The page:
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The Golden Rule, also known as the ethic of reciprocity, is a maxim that describes a reciprocal relationship between one’s self and the others. Essentially, it states that one should treat others as one would like others to treat ones’ self. It involves empathy and considering other people as part of one’s body. Its corollary or cautionary form is known as the Silver Rule.
The term started in the 1670’s in England and Europe, but the concept originated in various world cultures and in various periods as a way to resolve conflicts. Founder of the Institute for Global Ethics, Rushworth Kidder, noted that although it is associated with Christian ethics, its origins can be traced in ancient civilisations and in Asian culture such as Confucianism, Taoism, and Buddhism.
Its egalitarian message is considered a humanist principle. Humanist writer and activist Adam Lee writes, “Moral directives do not need to be complex or obscure to be worthwhile, and in fact, it is precisely this rule’s simplicity which makes it great. It is easy to come up with, easy to understand, and easy to apply, and these three things are the hallmarks of a strong and healthy moral system.”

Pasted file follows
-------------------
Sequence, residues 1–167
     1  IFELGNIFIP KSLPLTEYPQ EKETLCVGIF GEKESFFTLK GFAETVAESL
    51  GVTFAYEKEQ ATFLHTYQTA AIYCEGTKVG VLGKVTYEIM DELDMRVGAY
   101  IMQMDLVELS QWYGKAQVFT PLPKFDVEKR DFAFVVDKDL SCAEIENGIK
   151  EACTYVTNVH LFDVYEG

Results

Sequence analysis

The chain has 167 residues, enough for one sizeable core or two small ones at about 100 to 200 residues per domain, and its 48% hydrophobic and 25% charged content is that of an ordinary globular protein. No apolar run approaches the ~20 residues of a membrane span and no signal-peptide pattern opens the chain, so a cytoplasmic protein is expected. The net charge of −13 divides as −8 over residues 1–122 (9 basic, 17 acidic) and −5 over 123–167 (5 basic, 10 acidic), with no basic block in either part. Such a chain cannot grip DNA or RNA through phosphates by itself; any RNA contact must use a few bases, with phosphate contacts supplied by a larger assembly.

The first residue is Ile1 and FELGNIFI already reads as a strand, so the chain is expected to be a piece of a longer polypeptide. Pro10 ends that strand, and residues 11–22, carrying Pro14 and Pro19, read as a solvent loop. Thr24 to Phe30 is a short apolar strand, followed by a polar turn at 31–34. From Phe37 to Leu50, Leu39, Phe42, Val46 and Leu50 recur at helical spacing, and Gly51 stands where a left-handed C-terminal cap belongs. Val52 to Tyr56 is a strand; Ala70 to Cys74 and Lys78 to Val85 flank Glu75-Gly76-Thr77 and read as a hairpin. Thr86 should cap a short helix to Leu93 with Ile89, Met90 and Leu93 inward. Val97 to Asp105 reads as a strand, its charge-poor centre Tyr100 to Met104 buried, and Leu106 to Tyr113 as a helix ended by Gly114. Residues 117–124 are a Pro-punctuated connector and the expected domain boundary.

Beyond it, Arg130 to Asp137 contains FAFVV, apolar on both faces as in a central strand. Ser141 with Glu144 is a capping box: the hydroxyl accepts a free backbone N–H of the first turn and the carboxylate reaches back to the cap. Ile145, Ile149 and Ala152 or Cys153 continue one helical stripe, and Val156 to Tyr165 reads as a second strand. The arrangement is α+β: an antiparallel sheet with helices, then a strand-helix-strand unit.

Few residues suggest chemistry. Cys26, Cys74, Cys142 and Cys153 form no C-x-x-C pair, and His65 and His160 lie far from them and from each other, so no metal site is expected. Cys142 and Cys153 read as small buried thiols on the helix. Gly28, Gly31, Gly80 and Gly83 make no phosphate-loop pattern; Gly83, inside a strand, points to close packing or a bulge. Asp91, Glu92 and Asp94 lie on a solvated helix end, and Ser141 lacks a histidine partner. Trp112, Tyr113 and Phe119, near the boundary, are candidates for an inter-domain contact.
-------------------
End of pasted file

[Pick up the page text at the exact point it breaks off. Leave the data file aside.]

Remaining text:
However, despite its invaluable effect to humanity, the Golden Rule is still not widely practice. Izzy Kalman, a nationally certified school psychologist believes that it’s due to its religious origin. He argues that it should be considered as a scientific psychological rule instead. He maintains that the Golden Rule is a simple formula “for defusing aggression and creating harmony.”